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aojumper123
Apr. 11, 2009, 05:36 PM
I just started competing the lover level jumpers (meters) and am wondering if anyone knows how I can increase my endurance. I find that after a course of 12-16 jumps I am huffing and puffing ( my horse is fine!) I am very physically fit- I go to the gym and do cardio and weights for at least 1-2 hrs 6 days a week. My trainer says I should get a new horse so I have 2 to compete on, but in the mean time, does anyone have any suggestions?

danosaur
Apr. 11, 2009, 05:45 PM
I'd say ride more horses per day.
like take any catch rides you can because if you're riding say, four horses a day then a course of 12 fences is nothing.

cantercutie
Apr. 11, 2009, 05:55 PM
Make sure you are breathing as you go around the course. It may sound silly but if you get at all nervous in those 12-16 jumps and take shallower breaths you will no doubt be short of breath at the end! Otherwise, riding more horses would be ideal but I would also suggest taking a jog/brisk walk outside every day or other day just to acclimate your lungs to working while outside instead of in the gym. However, I am very impressed with your workout habits; I wish I had that kind of dedication!

medical mike
Apr. 11, 2009, 06:44 PM
Second the focus on breathing.
As you did not mention how long nor the level you have been competing, this would be a logical place to start.

That said, If you have been riding a while, is your lack of endurance a new development? Also, what level of intensity (heart rate) and weight train (percentage of max) do you off horse condition at?

Regards,
Medical Mike
equestrian medical researcher
www.fitfocisedforward.us
soon to be equicision.com

Wizard of Oz's
Apr. 11, 2009, 10:06 PM
I totally agree with cantercutie. I always forget to breath on course, usually because I'm so nervous, and then at the end of the course realize that I haven't been breathing the whole time lol. Focus on making sure you are breathing and that may help.

lintesia
Apr. 12, 2009, 06:18 PM
I totally agree with the posters about breathing. The very same thing would happen to me and it had nothing to do with how fit I was. Once I learned to keep breathing as I went around the course, the problem went away. For me, I had to learn by forcing myself to breath when jumping at home, so that I became aware of it (and thus aware when I wasn't breathing!). I'll still forget, especially my very first round at a show, but having practiced how to breathe, I can now fix it for the next round.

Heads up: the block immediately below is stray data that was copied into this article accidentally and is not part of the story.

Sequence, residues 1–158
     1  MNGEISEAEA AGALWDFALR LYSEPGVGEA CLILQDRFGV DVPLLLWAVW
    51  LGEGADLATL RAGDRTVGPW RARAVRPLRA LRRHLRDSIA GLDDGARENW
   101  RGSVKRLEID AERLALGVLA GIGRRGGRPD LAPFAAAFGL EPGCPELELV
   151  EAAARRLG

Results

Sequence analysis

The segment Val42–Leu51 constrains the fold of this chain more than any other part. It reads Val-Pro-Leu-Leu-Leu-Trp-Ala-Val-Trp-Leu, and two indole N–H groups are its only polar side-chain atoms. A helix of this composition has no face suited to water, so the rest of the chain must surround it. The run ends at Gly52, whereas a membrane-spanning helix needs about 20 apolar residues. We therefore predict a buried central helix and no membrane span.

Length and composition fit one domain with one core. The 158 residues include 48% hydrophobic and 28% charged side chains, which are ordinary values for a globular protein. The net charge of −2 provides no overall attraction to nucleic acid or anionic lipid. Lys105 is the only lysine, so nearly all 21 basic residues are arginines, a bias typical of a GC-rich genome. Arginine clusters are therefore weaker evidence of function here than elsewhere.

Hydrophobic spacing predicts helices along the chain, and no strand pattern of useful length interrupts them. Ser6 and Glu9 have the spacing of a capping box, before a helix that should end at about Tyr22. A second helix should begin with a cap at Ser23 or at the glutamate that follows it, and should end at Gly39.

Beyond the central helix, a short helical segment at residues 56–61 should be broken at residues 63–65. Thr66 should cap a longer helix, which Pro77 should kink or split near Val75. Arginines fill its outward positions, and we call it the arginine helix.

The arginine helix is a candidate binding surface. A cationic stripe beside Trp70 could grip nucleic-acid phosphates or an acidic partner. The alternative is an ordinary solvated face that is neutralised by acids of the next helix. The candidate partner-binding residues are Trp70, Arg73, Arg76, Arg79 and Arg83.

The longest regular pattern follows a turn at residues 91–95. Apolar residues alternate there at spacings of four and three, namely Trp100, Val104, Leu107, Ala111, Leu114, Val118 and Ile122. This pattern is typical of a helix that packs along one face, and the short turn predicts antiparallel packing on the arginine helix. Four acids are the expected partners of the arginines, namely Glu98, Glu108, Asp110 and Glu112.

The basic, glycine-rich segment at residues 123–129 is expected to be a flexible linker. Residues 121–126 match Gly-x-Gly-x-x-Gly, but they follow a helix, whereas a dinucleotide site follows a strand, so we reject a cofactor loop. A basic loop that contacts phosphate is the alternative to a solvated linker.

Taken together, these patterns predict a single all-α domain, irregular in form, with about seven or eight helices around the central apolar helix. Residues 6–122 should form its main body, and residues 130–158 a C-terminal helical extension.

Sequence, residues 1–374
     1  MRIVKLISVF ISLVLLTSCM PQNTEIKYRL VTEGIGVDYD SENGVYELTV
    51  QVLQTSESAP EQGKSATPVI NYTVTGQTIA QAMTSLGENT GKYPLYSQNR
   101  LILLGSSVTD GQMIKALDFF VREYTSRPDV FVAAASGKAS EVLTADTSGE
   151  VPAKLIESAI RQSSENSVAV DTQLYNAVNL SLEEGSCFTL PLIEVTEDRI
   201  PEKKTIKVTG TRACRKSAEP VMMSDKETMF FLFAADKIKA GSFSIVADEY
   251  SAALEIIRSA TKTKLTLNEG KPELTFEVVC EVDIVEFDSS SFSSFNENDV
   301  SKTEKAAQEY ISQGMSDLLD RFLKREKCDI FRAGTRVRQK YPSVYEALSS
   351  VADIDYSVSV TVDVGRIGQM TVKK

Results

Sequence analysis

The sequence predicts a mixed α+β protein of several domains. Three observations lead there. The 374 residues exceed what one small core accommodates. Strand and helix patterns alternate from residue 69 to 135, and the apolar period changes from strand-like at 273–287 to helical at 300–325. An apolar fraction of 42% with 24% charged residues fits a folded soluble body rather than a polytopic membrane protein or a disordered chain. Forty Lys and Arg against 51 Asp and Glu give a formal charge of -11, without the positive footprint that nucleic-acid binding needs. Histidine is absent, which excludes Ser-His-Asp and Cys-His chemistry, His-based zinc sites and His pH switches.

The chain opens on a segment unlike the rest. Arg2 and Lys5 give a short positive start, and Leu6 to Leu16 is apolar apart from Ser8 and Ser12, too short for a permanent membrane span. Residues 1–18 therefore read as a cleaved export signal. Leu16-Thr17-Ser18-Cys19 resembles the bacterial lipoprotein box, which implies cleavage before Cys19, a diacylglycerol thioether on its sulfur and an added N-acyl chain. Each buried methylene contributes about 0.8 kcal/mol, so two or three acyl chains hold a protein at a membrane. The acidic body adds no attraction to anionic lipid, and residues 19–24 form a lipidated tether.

NEIGH-HAM
Apr. 12, 2009, 06:28 PM
True about what the others say, no matter how pyhsically fit you are, it means nothing if you aren't breathing:winkgrin:

Horseymama
Apr. 12, 2009, 07:27 PM
Sprints! If you go to the gym, get on the track and/or treadmill and do some sprints. Riding a course is a bit like sprinting at about 80%, sometimes more (jump-off.) When you are sprinting, focus on your breath and breathing as deeply as you can. This will help strengthen and increase lung capacity.

XenophonKnows
Apr. 12, 2009, 08:11 PM
Agree with above. 99% likely you are holding your breath.

sm473
Apr. 12, 2009, 08:26 PM
I think everyone is right about breathing. Also, riding more horses will keep you fit. Just ask any excercise rider or jockey at a race track that rides 10 horses a day. Now thats how you stay fit!

aojumper123
Apr. 12, 2009, 09:26 PM
I really appreciate all the feedback! I will focus on breathing at home while jumping and work some sprints into my current routine. I have started running outside as well.

MissIndependence
Apr. 13, 2009, 09:01 AM
I also agree....I bet you are holding your breath. I do it all the time and have to remind myself to focus on breathing in and out....